Quote Originally Posted by Long View Post
    After reading this thread title, I was disappointed not to see pics of Kardashians.
    Really? I'd be disappointed to see pics of the Kartrashians.

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    Re: Why so rich?

    ...and the answer is... E10. 14.08 is stoich for E10. Now it makes sense. Thanks Google.

    Does anyone know if HPTuners can do the same diagnostics as a tech2? If so I might get it instead.

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    Re: Why so rich?

    We shoulda thunk of that.

    BTW you can set Torque Pro to save run parameters as a .csv and Excel (or good clones) can make any chart/graph you want from that. Look in
    /torqupro/triplogs/(id number)/triplog.csv. .See here for how to set up logging.

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    Re: Why so rich?

    Quote Originally Posted by Long View Post
    After reading this thread title, I was disappointed not to see pics of Kardashians.
    Here you go....you asked for it!!

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    Re: Why so rich?

    Quote Originally Posted by CaddyFred View Post
    ...and the answer is... E10. 14.08 is stoich for E10. Now it makes sense. Thanks Google.

    Does anyone know if HPTuners can do the same diagnostics as a tech2? If so I might get it instead.
    That also suggests the PCM worked backwards using the O2 sensor readings to arrive at what the commanded value should be, otherwise it would have been 14.7:1 because non E85 models do not have ethanol sensors. Yes technically 14.08 is rich, but without an engine code there's no need to second guess the PCM and as suspected, that translates into the desired AFR. The in tank fuel pump runs at a steady pressure but the high pressure pump delivers variable pressure, no need to run 2000 psi at idle, not to mention the injectors probably wouldn't be able to deliver a small enough quantity of fuel to maintain idle at that pressure.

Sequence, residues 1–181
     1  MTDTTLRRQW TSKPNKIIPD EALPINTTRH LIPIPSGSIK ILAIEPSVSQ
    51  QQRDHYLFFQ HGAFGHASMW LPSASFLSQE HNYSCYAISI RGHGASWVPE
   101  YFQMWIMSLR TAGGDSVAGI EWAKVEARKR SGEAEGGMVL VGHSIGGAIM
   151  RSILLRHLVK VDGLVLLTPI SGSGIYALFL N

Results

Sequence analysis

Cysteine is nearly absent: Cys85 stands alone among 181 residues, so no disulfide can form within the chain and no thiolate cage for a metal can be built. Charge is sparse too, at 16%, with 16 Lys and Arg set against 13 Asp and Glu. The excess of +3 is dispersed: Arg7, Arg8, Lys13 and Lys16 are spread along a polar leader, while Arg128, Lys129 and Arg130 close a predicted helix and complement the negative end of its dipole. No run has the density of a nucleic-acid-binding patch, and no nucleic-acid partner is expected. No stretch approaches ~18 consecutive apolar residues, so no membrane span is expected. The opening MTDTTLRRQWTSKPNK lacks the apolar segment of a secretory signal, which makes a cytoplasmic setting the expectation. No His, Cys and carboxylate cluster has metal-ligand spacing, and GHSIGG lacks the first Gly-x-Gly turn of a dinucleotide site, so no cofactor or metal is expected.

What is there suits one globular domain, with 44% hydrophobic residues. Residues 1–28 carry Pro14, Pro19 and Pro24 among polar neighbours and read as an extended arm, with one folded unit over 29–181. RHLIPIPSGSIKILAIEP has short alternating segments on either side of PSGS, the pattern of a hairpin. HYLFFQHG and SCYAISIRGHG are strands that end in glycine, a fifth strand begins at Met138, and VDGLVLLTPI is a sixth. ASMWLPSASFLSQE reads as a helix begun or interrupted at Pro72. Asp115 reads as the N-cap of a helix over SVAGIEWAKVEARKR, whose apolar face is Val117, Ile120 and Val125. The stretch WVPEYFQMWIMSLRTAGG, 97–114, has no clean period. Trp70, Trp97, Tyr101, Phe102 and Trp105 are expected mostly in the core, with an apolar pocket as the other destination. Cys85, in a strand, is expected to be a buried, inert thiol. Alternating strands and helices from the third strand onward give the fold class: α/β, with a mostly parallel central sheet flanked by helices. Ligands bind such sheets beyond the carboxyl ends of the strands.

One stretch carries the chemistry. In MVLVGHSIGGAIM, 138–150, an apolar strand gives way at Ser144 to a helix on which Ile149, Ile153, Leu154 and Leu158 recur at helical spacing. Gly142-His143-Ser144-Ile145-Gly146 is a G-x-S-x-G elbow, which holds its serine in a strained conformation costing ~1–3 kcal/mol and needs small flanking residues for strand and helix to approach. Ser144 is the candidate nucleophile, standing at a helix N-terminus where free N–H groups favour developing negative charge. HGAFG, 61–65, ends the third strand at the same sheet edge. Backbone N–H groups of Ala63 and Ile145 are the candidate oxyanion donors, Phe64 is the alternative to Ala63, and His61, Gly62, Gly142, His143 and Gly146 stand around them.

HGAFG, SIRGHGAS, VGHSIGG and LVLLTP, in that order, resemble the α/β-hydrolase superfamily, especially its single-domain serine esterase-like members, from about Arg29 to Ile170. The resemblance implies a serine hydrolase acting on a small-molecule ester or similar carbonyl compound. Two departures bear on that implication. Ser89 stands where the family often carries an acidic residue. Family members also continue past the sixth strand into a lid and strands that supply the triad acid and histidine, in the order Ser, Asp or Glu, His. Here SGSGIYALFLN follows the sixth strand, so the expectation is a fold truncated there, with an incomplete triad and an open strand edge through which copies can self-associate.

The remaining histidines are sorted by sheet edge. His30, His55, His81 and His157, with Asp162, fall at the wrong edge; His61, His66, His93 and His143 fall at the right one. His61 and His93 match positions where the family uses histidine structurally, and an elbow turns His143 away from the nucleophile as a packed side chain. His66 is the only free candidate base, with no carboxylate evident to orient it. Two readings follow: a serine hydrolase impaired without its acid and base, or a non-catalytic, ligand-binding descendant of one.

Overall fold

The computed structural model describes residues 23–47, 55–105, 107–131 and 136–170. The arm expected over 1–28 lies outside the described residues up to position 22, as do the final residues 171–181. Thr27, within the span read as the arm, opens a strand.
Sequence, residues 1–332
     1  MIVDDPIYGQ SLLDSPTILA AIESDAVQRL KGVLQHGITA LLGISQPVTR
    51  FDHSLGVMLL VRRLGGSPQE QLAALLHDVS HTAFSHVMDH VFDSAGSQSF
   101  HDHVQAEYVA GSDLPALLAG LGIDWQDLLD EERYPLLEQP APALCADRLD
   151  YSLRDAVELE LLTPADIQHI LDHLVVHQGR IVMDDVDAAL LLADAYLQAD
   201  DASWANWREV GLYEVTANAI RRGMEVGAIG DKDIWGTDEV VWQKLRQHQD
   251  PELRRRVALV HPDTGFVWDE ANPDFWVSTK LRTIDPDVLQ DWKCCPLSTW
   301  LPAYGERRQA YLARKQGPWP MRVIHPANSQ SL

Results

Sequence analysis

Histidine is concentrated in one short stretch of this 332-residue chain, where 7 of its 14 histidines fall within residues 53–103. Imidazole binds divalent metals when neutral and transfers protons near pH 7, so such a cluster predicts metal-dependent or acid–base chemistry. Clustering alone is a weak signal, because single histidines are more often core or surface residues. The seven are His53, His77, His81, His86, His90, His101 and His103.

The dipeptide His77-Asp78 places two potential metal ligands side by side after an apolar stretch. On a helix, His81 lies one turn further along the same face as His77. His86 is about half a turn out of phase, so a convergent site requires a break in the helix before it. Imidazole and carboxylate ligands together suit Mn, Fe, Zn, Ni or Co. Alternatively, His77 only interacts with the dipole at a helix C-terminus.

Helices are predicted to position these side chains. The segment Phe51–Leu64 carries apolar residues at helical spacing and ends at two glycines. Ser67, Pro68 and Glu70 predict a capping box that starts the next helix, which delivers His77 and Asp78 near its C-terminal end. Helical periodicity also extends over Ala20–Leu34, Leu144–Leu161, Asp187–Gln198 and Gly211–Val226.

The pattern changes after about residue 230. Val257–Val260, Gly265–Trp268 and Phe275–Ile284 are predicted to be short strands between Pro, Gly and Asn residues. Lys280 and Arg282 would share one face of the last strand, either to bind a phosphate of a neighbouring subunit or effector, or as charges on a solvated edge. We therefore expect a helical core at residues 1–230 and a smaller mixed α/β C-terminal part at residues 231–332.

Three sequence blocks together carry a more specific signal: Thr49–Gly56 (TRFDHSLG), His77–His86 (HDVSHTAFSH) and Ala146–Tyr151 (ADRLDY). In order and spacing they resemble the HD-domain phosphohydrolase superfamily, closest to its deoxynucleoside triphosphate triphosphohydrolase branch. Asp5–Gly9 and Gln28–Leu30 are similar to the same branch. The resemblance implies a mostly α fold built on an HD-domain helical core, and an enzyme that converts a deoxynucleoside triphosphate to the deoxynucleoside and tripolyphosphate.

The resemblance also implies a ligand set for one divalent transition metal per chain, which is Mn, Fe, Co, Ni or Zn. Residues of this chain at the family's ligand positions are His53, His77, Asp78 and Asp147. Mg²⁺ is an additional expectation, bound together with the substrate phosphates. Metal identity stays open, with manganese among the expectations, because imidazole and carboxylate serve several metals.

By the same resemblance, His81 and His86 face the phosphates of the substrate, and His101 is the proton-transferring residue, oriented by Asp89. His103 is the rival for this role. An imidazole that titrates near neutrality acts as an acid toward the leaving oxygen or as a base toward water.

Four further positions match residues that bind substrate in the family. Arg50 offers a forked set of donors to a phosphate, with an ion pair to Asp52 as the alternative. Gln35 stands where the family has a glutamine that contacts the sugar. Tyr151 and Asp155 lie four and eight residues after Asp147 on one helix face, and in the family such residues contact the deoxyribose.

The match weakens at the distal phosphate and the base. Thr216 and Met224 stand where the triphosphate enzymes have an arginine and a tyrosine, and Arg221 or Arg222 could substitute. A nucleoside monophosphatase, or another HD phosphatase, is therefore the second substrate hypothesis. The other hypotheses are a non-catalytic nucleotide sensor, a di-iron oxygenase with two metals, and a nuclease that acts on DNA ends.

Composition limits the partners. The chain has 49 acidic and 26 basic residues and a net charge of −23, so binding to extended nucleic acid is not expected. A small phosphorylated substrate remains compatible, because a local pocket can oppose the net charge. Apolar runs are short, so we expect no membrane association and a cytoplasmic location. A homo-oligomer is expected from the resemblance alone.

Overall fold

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    Lifespeed is offline Cadillac Owners Enthusiast
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    Re: Why so rich?

    Quote Originally Posted by CaddyFred View Post
    Technically any value less than stoich is "rich", any higher value is "lean". I am just a little surprised to see a commanded AFR of 14.1 at idle. I guess I'll have to do some data logging with Palmer ScanXL Pro since I can't seem to figure out how to play back Torque data logs in a line graph. I'm just curious about it. My previous Toyota project car never deviated from 14.7 in closed loop (AFR sensor controlled) and ~12:1 in open loop. I forget how many years I've been using Torque Pro. Less than Palmer but longer than Carista. Maybe 8 years?
    Your Toyota probably had the old design oxygen sensor which switches when it crosses stoich. It has no ability to measure AFR, just when it is above or below 14.7.

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    Re: Why so rich?

    Quote Originally Posted by Padgett View Post
    We shoulda thunk of that.

    BTW you can set Torque Pro to save run parameters as a .csv and Excel (or good clones) can make any chart/graph you want from that. Look in
    /torqupro/triplogs/(id number)/triplog.csv. .See here for how to set up logging.
    I've done some logging but ahd hoped that Torque could play it back the way scanxl does. I'll try graphing it in Excel, thanks.